Ole Miss, first drive: Ole Miss drove down to the IU 20, but a 37-yard field goal was no good. IU still alive, down 20-13, with 11:38 left in the final period.

IU, first drive: Life was breathed into the Hoosier offense. A 20-yard catch by Miles Marshall, in traffic, on a third-and-8, was the spark. Whop Philyor also caught a pass on fourth-and-2 — his 16th catch of the game — to give IU a first-and-10 at the Ole Miss 11. IU was eventually able to punch in another direct-snap touchdown by Stevie Scott from two yards out. Tie ball game, 20-all.

Ole Miss, second drive: Quick drive. Ole Miss scored in 1:46, going 63 yards. But the point-after-touchdown kick was no good. That leaves the door cracked open, IU down, 26-20, 4:12 left.

IU, final drive: IU’s drive fell dead on a sack of Jack Tuttle. Hoosiers lose, 26-20, to Ole Miss.


First, a view of the field and inside the press box:

Also, as previously reported, IU does not have the Big Ten logo on either their uniforms or their helmets.

In warmups, senior defensive back Raheem Layne is warming up. He did not play during the regular season following a surgery. IU coach Tom Allen said at the time that he would be out a significant amount of time but did not give a timetable.

Here is IU’s inactive list for the game. Layne is inactive, but this does show that he’s made progress from his previous injury. Also, starters Lance Bryant (DE), Demarcus Elliott (DT), and Matthew Bedford (OT) appear available to play.

With Bedford back, he’s warming up with the first-team offensive line at right tackle.

Here is a look at the stands with about 30 minutes to kickoff. Definitely a smattering of fans.

Getting close to kickoff now. Hoosiers head back into the locker room.


  1. Whoever thinks Tuttle gives our offense just as much “zing” as Penix is completely goofy. Without Penix, we have no firepower to match Ole Miss. It’s what I suspected.

  2. IU looks so unprepared for this game. Instead of feeling slighted for 2 weeks, maybe they should have prepared. There is a reason they didn’t get in a bigger bowl. The Committee got it right. In the future, wear the B1G logo. Actually the conference probably prefers it didn’t after that half. IU gotta be IU.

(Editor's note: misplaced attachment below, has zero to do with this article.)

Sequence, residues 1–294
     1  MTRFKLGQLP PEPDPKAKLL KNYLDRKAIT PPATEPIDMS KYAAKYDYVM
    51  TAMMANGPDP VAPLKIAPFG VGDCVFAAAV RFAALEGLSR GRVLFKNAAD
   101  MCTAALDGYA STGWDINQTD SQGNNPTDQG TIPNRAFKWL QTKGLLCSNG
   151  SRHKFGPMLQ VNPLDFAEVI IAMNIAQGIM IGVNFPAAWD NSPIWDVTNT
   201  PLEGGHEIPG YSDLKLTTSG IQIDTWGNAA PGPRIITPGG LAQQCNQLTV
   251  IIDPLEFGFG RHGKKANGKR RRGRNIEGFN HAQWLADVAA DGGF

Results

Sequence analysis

3. That’s the worst half of football IU has played all season. The six week layoff has obviously dulled their blades. Dropped INTs and missed tackles are killing us. WF keeps running backward after he catches a pass. And the offensive play calling has been bad too. It’s like Sheridan gave up on the run game when he got behind by 3 points. And now Tuttle is hurt.

    A very disappointing first half. Let’s see if TA can get these guys focused at half time.

  4. Whop is trying to do too much playing in his home town in front of family and friends. Someone needs to tell him to catch the ball, get what he can get, than go down to the ground without taking big hits. But don’t ever run backwards. He’s not the only athlete on the field.

  5. Indiana defense is sucking wind, the tempo of this game has killed this team….An Indiana offense has not helped at all, with all the passing plays….It was a great game in which to run the play action all game and Sheridan blew it!! Indiana lost to a team missing 75% of it offensive production??? Maybe Indiana was over ranked……An Jack Tuttle is not close to Michal Phenix.

  6. No Penix…No anything. Too much loft on Tuttle’s deep throws. Defenses have plenty of time to react and get to the receiver. That’s the difference in not having Penix…along with the mojo and “it factor.”
    Corral has a big arm.

  7. Ha ha ha ha ha ha ha ha ha ha ha ha ha ha ha ha. Have a bloomin onion IU. IU football is still a bad joke.

  8. GREAT season…..just ended on a bad not!!! Will Indiana be the only BIG Ten team to lose in the bowl seasons?

  9. No, not a great season. A good season created by over-achievers. It could have been a great season had IU won today. But IU was not ready to play this game. They were obviously not in shape for this game. And too many upperclassmen made too man huge mistakes. Whop set records, but his fumble and running backward after making catches neutralized the good plays he made. Tuttle got dinged up, and while I appreciate his courage to play hurt, his bad decisions cost IU the game. What was he thinking taking a sack late in the fourth quarter? Lastly, let’s just say Sheridan should learn some very big lessons from this experience. He did not call a good game and it should have been obvious that he needed to run the ball more in the first half, giving his defense more time to rest.